A court in India’s northern state of Uttar Pradesh on Saturday ordered the survey of the 17th century Shahi Idgah Mosque in Mathura, 57 kilometres (35 miles) north of Agra city, after a Hindu group claimed that the mosque was built on the birthplace of Lord Krishna.
The local court in Mathura asked the Archaeological Survey of India to conduct a survey after Jan 2. The report will be submitted after Jan 20.
The lawsuit was filed by the rightwing outfit Hindu Sena’s leader Vishnu Gupta seeking ownership of the land of the historic Shahi Idgah Masjid. The mosque is adjacent to a temple, where Hindus believe Lord Krishna was born. The next date of the hearing has been fixed for Jan 20.
Vishnu Gupta in his suit claimed that the Idgah was constructed by Aurangzeb on the 13.37 acres of Shri Krishna's birthplace after demolishing the Sri Krishna temple.
The suit seeks the cancellation of an agreement between Sri Krishna Janmasthan Seva Sangh and Shahi Idgah executed in the year 1968, claiming that it is illegal.
Many suits have been filed before the court demanding the demolition of the 17th-century Shahi Idgah Masjid, claiming it was built on Krishna Janambhumi’s property.
Muslims in India are concerned by the campaign of the Hindu right-wing groups to claim Muslim monuments and mosques.
Hindu groups in various Indian cities have claimed that mosques and monuments built during the Mughal era were built after razing Hindu temples.
Campaign by right-wing Hindu groups
Muslim groups had opposed such a move, saying it was against the Places of Worship Act of 1991, which maintains the religious status of any place of worship as of Aug 15, 1947.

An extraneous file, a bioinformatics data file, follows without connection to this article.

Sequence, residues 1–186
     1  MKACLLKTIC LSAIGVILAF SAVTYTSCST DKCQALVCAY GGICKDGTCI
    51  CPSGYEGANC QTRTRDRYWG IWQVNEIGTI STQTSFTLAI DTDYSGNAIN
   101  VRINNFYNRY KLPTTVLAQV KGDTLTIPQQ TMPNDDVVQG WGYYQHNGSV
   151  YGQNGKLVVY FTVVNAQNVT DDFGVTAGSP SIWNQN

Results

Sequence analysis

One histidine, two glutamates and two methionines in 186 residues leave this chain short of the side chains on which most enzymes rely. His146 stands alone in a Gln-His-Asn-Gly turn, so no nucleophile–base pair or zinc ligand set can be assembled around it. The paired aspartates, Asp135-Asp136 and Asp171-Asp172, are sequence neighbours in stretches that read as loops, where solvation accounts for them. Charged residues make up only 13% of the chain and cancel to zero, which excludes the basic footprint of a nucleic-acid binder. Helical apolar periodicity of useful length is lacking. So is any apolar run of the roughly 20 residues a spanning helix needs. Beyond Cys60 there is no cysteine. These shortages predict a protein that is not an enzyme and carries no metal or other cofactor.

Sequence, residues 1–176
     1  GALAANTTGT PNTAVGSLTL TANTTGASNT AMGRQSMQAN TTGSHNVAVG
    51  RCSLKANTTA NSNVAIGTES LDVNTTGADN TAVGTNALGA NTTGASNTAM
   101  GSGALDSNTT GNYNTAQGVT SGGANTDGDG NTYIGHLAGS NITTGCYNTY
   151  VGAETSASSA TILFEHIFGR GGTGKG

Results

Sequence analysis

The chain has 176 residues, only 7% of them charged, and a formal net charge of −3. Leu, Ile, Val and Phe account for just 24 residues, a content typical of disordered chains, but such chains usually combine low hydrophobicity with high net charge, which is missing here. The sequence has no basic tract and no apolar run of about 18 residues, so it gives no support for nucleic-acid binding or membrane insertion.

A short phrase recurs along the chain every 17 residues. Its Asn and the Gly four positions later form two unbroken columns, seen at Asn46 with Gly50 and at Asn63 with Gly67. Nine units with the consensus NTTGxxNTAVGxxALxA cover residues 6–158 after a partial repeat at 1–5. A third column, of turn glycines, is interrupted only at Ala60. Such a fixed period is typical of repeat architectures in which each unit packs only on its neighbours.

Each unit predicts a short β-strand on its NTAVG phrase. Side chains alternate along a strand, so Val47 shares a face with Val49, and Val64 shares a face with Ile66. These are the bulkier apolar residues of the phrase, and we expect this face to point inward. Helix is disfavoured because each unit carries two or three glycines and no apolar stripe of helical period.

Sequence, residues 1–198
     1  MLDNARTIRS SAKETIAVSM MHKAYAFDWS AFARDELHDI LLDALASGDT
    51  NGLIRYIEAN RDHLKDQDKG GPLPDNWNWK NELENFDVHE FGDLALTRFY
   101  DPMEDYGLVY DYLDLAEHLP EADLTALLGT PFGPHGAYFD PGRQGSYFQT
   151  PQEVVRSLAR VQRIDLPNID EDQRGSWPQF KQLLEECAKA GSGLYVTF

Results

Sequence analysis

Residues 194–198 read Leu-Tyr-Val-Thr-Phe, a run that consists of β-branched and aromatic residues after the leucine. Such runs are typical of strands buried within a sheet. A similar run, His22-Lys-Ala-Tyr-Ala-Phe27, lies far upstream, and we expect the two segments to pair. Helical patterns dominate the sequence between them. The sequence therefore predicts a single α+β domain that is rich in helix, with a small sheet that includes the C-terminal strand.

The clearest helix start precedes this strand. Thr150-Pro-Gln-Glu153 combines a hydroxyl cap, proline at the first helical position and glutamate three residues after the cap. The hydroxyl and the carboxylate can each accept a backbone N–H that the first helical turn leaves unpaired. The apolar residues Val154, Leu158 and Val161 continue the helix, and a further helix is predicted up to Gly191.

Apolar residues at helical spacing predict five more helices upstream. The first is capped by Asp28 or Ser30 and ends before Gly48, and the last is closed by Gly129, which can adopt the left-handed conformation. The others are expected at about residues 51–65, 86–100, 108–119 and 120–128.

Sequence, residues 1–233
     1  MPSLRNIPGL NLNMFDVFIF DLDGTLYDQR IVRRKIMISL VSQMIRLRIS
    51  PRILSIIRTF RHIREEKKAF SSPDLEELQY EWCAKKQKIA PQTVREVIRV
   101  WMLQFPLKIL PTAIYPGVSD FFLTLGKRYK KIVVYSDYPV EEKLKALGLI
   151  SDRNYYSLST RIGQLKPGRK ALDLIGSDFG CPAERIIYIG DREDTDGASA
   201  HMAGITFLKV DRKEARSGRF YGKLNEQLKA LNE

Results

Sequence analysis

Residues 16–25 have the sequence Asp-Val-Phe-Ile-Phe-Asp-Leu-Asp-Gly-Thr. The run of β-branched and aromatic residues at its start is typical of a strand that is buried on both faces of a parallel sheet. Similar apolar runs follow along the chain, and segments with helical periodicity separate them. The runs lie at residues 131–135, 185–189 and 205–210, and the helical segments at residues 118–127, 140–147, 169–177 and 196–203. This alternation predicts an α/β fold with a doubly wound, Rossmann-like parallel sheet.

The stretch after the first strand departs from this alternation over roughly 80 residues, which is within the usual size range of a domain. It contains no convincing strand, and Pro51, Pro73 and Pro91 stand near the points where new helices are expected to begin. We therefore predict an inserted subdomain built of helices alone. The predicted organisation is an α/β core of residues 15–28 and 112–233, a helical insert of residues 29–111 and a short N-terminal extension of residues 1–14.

Also read: FO condemns construction of temple on Babri Mosque site
Earlier, a court had ordered a similar survey of Gyanvapi Mosque in Varanasi after a suit was filed by five Hindu women seeking worshipping rights in the mosque compound.
Gyanvapi Mosque adjacent to the Kashi Vishwanath Temple is at the centre of an ongoing legal battle in India. The mosque is situated in Varanasi city in the northern state of Uttar Pradesh.
Hindus widely believe that the Gyanvapi Mosque was built on the orders of Mughal ruler Aurangzeb by pulling down a part of the Kashi Vishwanath Temple in the 17th century.
After the Babri Masjid in Ayodhya, Gyanvapi is another medieval mosque that is being claimed by Hindus.
A persistent campaign by right-wing Hindu groups to claim Mughal-era monuments and historic mosques has raised a wave of concern among minorities, historians, and archaeologists across India.
Political analysts in India link BJP’s rise in India’s political landscape to the movement to build the grand Ram Temple at the place of Babri Mosque in the city of Ayodhya.
On Dec 6, 1992, the 16th-century Babri Mosque in the northern Indian city of Ayodhya was torn down by Hindu hardliners, who claimed the site was the birthplace of their lord Ram.